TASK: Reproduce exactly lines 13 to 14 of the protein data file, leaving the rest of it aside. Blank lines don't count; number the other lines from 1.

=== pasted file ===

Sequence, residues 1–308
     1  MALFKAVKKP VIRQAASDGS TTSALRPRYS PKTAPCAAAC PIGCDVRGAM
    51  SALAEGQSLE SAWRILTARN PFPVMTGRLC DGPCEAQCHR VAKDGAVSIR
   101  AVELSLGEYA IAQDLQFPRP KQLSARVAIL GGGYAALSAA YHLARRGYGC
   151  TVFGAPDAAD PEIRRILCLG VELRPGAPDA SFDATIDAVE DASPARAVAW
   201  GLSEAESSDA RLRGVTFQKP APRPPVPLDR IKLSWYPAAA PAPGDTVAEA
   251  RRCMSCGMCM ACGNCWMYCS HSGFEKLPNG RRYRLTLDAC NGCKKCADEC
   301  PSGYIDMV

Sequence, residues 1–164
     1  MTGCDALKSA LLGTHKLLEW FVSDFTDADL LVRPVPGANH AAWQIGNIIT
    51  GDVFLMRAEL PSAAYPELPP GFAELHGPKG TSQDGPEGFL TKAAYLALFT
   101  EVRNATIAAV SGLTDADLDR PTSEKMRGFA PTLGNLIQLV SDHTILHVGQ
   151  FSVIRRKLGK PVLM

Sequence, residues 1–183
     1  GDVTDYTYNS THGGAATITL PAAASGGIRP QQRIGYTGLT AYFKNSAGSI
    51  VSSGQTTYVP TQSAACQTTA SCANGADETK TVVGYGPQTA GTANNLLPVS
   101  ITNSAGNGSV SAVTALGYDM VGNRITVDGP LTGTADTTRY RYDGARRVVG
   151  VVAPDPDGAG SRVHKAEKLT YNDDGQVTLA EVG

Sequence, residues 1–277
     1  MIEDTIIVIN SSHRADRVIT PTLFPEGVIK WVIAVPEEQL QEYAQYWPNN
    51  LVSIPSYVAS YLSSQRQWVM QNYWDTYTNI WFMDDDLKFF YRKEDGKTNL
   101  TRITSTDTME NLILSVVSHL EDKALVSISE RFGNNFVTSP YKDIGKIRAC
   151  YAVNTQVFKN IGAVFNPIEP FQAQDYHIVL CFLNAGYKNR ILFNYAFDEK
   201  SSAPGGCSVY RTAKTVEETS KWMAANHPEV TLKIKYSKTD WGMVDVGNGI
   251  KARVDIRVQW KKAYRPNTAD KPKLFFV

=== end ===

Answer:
   151  FSVIRRKLGK PVLM

Sequence, residues 1–183